Images of Liberty and Power

[Created November 12, 2010]
[Updated June 12, 2011]
0. Peace and Liberty: The Dove of Peace across the Centuries
The seal of the Magistrates of the Ten of Liberty and Peace of the City of Florence (c. early 1500s)
Picasso's iconic drawing of the Dove of Peace (1961)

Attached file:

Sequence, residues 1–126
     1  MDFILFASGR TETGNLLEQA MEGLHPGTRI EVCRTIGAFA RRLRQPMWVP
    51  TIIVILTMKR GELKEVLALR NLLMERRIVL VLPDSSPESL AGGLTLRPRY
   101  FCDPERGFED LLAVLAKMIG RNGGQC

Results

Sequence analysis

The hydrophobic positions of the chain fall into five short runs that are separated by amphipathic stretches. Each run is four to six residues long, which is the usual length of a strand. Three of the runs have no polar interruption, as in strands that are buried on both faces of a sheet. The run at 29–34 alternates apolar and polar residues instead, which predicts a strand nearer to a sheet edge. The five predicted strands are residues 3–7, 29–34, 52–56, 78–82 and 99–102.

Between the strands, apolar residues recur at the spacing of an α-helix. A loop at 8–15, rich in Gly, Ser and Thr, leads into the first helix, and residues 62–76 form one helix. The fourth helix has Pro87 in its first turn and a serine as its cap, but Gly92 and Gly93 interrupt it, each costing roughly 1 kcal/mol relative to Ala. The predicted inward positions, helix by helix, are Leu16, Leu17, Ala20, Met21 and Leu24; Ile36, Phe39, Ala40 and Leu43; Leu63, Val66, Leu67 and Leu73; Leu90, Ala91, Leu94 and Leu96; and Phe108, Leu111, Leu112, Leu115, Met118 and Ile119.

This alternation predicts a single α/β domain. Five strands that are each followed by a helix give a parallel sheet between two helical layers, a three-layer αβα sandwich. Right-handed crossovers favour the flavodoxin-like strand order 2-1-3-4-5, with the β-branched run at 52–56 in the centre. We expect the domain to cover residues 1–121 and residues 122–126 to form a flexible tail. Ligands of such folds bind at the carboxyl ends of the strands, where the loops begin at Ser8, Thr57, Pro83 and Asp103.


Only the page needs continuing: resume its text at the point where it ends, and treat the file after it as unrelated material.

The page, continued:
Observations on Peace and Liberty: In early 16th century Florence, when Niccolo Machiavelli was working as a diplomat for the city state, the seal of the Magistrates of the Ten of Liberty and Peace was an image of a dove holding an olive branch in its beak with the following Latin motto "Pax et Defencio Libertatis" (Peace and the Defence of Liberty). [It can be found in volume 3 of Machiavelli's Historical, Political, and Diplomatic Writings at the Online Library of Liberty.] The link between "peace and liberty" is thus one that goes back several centuries at least. When the English philosopher John Locke received a French translation of the second part of his Two Treatises, called Du gouvernement Civil (c. 1691), he wrote in his own hand the following Latin phrase on the title page: "Pax ac libertas" (Peace and Freedom) - the only known time he added anything to the title page of one of his books. The dove of peace has become one of the iconic images of the post-war peace movement thanks largely to Picasso. In a 1949 poster he shows a life-like dove with feathery feet (see below) but by 1962 he had developed a more stylised outline of a dove carrying a sprig of leaves in its beak which subsequently became better known. In this collection of images we will explore the relationship between "Peace and Liberty" on the one hand, and "War and Power" on the other.